“The Oil and Gas Weapon Won’t Work”: Davis & Leggett on Ukraine.

Lt. Col. Daniel Davis & Jeremy Leggett in The National Interest: “After many weeks of political chaos and bloodshed in Kiev, Moscow sent soldiers across the frontier into the Crimea on February 27, claiming it aimed to protect the Russian-speaking population.” “Writing in theWashington Post on March 7, former US Secretary of State Condoleezza Rice captured the essence of many in the US who advocate using oil as a weapon against Russia. She wrote that “soon, North America’s bounty of oil and gas will swamp Moscow’s capacity. Authorizing the Keystone XL pipeline and championing natural gas exports would signal that we intend to do precisely that.” Secretary Rice’s assumptions regarding the state of US tight oil and gas as “bountiful” are common among many opinion leaders in the West. They also happen to be wrong.
Before contemplating the use of US oil and gas as a strategic weapon, it might be useful to review a few key fundamentals. First, consider the following oil production, consumption and import/export numbers reported by British Petroleum for 2012. Russia produced 10.6 million barrels per day (mbd), consumed 3.2 mbd, leaving 7.4 mbd available for export. The United States produced 8.9 mbd, consumed 18.5 mbd, and imported 10.5 mbd.
All the talk of America “soon overtaking Russia” as the world’s largest oil producer comes with a rather sizeable asterisk: even if that eventually occurs, the US will still be required to import an additional five to six million barrels of oil per day, while Russia would have an additional 7 to 8 mbd to export. This fact places the Russian Federation in a considerably stronger energy-security position than the United States.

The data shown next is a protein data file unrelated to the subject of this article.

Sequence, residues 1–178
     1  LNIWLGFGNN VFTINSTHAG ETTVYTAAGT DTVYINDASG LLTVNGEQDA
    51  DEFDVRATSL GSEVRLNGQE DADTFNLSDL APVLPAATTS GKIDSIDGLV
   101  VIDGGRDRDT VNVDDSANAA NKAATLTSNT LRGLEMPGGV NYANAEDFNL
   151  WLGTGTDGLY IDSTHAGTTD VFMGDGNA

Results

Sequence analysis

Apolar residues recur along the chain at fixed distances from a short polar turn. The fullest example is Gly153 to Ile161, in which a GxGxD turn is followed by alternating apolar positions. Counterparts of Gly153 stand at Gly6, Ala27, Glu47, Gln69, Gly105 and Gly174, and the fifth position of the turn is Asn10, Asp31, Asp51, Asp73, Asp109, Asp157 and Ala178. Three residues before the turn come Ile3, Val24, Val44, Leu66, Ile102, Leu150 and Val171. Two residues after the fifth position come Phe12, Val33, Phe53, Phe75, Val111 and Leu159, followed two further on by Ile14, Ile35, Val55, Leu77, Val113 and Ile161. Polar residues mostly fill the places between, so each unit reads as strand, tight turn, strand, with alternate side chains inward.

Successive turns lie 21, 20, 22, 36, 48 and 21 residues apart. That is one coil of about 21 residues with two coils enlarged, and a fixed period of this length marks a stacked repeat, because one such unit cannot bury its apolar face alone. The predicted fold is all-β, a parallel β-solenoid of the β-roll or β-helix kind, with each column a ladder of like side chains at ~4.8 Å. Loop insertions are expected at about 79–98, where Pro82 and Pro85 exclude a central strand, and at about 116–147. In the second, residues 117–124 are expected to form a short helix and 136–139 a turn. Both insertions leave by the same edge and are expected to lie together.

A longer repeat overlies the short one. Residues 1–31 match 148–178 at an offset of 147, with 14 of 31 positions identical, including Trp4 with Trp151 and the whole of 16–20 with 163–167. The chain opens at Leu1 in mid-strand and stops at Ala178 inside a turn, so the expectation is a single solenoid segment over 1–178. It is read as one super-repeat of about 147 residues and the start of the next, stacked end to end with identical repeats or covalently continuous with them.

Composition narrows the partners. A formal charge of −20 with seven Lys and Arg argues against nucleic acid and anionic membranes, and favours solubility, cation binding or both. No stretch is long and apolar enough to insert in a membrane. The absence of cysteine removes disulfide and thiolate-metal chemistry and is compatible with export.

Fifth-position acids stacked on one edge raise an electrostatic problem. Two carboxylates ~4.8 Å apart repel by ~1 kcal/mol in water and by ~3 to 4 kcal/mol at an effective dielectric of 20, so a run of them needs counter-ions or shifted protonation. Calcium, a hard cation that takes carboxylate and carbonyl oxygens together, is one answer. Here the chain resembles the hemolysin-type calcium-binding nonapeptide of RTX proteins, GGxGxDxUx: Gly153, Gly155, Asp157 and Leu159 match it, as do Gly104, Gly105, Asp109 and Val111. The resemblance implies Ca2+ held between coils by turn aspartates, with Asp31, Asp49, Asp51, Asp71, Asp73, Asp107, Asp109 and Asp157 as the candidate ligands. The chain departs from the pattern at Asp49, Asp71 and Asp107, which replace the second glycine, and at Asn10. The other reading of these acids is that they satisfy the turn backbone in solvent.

Second, such action would likely penalize US citizens. Chris Nelder, an independent energy analyst and journalist hits the nail on the head: “I don’t think U.S. consumers are willing to pay higher prices for natural gas, grid power, and gasoline to enable the uncertain possibility that doing so would ‘stick it to Putin’ some years down the line.”
Petroleum geologist and energy analyst Arthur Berman also warns there would be unintended consequences to exporting American natural gas. “The U.S. imports nearly 4 billion cubic feet of gas per day. It seems a bit premature to be discussing natural gas export when you are a net importer and are likely to remain one until at least 2018 according to the EIA.” Least we forget, conventional gas in the US accounts for almost 60 percent of the total produced and is declining at about 20 percent per year. Unconventional gas, meanwhile, is declining at more than 30 percent each year. “Taken together,” Berman calculates, “the US needs to replace 19 billion cubic feet per day each year to maintain production at flat levels. That’s almost four Barnett shale plays at full production each year.”
It is clear the United States is going to have an increasingly difficult time in the coming years meeting its own gas needs. How it is in America’s energy-security interest to export domestic supplies when the US is already a net-gas importer, however, is not clear.
Part of the problem seems to be a broadly held, though empirically unsupportable position that the US tight oil and gas boom of the past several years is a sustainable and expandable phenomenon. Yet geoscientist David Hughes—a thirty-year veteran of the Canadian Geological Survey whose data derives from over sixty-five thousand oil and gas wells shows what is commonly referred to as the “tight oil boom” is more likely to be a temporary bump.